A tale of two pitchers: Clayton Kershaw and Brad Penny

On the same day the Los Angeles Dodgers signed Clayton Kershaw to a seven year, $215 million contract extension, the Kansas City Royals answered with signing veteran pitcher Brad Penny to a minor league contract with an invite to spring training. I know that sounds funny, but when you compare the two pitchers and two teams, it makes sense.


Over seven years, $215 million averages out to $30.7 million per season, making Kershaw the highest paid pitcher in Major League history. Before the signing, the 25 year old Kershaw was arbitration eligible this season and a free agent in 2015. But now he could be a Dodger until 2020.

The Dodgers signed Kershaw seventh overall in the 2006 Amateur Draft. In his six year career with the Dodgers, Kershaw is a two-time Cy Young award winner in 2011 and 2013 with a second place finish in 2012. He’s a three-time All-Star from 2011-2013 and a Gold Glove winner in 2011. And he led the National League in ERA from 2011-2013.

Over his career, Kershaw has a 77-46 record with a 2.60 ERA with a 0.6 HR/9 and a 3.07 SO/BB ratio. Hitters have a .211 career average against Kershaw and he’s effective against left or right handed batters. For the last three years, Kershaw is one of the best pitchers in baseball.

And the Dodgers can afford to pay him. With an over $220 million 2013 payroll and a $340 million local TV contract in one of the country’s largest markets, the Dodgers have a lot of money to spend. Kershaw’s contract will pay him less now and more later and there’s an opt-out clause after five years, so it’s possible he’ll be a free agent when he’s 30. Or a free agent when he’s 32 and maybe get another big contract, depending how he plays. Things are looking up for Clayton Kershaw.

Meanwhile, Brad Penny signs a minor league contract with the Royals. Signed by the Arizona Diamondbacks in the fifth round of the 1996 draft, Penny began his Major League career with the Florida Marlins in 2000 before being traded to the Dodgers in 2004. Penny played for the Dodgers from 2004 to 2008 and joined the Boston Red Sox in 2009. The Red Sox released him August of 2009 and he finished 2009 with the San Francisco Giants. From there, Penny played 2010 with the Cardinals, 2011 with the Detroit Tigers and a part of 2012 with the Giants. After 13 years in the Majors, Penny didn’t play last season so he could attempt a comeback in 2014.

Penny was a good pitcher, at least from 2000 to 2007. During that time Penny had an 88-66 record with a 3.90 ERA, an 0.8 HR/9 and a 2.27 SO/BB ratio. Hitters had a .263 average against Penny. He was an All-Star in 2006 and 2007 and finished third in the Cy Young voting in 2007. At 29 years old, Penny was on his way to a good Major League career.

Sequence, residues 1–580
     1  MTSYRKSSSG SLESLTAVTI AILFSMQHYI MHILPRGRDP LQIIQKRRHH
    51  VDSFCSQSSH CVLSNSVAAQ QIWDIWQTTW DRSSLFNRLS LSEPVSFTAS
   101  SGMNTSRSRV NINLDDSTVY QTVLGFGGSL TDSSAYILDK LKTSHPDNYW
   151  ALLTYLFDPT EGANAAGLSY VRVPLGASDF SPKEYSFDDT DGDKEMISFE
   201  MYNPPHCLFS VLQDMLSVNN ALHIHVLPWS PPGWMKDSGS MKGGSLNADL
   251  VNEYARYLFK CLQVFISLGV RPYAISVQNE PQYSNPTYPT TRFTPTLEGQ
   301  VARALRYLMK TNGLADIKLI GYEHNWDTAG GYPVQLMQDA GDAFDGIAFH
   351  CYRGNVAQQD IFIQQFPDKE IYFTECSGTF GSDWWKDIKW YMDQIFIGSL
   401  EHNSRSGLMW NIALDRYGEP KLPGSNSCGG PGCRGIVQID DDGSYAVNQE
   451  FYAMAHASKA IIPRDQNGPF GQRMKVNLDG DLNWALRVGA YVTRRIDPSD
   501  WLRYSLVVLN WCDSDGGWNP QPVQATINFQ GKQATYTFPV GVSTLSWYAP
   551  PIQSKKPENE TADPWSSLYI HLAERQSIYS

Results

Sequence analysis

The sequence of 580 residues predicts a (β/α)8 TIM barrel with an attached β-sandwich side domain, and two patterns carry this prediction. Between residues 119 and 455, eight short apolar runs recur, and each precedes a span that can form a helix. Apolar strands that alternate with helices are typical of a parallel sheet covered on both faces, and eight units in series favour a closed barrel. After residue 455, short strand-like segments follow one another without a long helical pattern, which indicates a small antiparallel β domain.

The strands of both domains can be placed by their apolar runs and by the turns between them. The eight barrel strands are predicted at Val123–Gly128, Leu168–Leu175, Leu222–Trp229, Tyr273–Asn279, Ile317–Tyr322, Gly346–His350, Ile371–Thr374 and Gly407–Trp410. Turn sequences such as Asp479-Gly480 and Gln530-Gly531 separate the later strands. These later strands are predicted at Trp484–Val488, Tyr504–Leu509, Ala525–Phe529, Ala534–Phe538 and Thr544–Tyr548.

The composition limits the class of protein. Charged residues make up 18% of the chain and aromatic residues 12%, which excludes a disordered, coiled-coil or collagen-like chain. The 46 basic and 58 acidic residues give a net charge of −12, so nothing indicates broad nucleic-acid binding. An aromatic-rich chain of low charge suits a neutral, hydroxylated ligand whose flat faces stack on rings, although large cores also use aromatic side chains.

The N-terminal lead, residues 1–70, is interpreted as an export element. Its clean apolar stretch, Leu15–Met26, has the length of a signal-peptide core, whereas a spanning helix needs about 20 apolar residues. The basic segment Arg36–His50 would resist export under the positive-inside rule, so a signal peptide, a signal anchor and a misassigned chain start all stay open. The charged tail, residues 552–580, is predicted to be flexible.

But from 2008 to 2012, he was terrible. During that time Penny had a 31-34 record with a 5.16 ERA, a 1.1 HR/9 and a 1.61 SO/BB ratio. Hitters had a .315 average against him. At 34 years old and his career falling apart, Penny sat out the 2013 season before signing with the Royals.

The Royals hope Penny can be the starting pitcher he was from 2000 to 2007, especially if Danny Duffy or Yordano Ventura have a rough season. But he’s going to need an exceptional spring training if there’s any chance of making the Major League roster. If not, Penny could end up in AAA Omaha, ask to be released and try his luck with another Major League team, or retire.

For the Royals, signing Penny is low-risk with a potential high reward. He might turn in a Ervin Santana like season and sign a reasonable contract with the Royals in 2015. Or he could flame out and be released by May. Either way, the Royals have nothing to lose by signing him.

Both the Dodgers and Royals want to win. And if you compare their records from last season (the Dodgers were 92-70 and the Royals were 86-76), the Royals won six less games than the Dodgers with a $79.5 million payroll. But the Dodgers made it to the NLCS and the Royals didn’t make the playoffs.

The Dodgers way to win is paying their players big salaries and signing top free agents. They can also invest lots of money in their farm system. The Royals way to win is with young, low cost players, signing their good core players to reasonable contracts, good trades, signing pitchers like Brad Penny and invest money in their farm system. They’re both good ways to win, but the Dodgers way of winning allows for more mistakes and setbacks. For the Royals, everything has to go right for them to win. It’s the reality of baseball these days and it’s why the Dodgers have Clayton Kershaw and the Royals have Brad Penny.

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